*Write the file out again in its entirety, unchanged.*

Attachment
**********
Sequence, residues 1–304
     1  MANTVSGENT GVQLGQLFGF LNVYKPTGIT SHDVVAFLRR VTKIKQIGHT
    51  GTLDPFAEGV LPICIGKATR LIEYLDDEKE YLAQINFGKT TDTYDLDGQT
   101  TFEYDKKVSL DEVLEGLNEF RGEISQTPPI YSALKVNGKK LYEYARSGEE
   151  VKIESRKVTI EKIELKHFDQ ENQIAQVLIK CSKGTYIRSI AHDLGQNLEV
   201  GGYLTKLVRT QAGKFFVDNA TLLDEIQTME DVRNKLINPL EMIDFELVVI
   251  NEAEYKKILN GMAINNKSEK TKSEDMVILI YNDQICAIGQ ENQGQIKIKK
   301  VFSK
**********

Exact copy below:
Sequence, residues 1–304
     1  MANTVSGENT GVQLGQLFGF LNVYKPTGIT SHDVVAFLRR VTKIKQIGHT
    51  GTLDPFAEGV LPICIGKATR LIEYLDDEKE YLAQINFGKT TDTYDLDGQT
   101  TFEYDKKVSL DEVLEGLNEF RGEISQTPPI YSALKVNGKK LYEYARSGEE
   151  VKIESRKVTI EKIELKHFDQ ENQIAQVLIK CSKGTYIRSI AHDLGQNLEV
   201  GGYLTKLVRT QAGKFFVDNA TLLDEIQTME DVRNKLINPL EMIDFELVVI
   251  NEAEYKKILN GMAINNKSEK TKSEDMVILI YNDQICAIGQ ENQGQIKIKK
   301  VFSK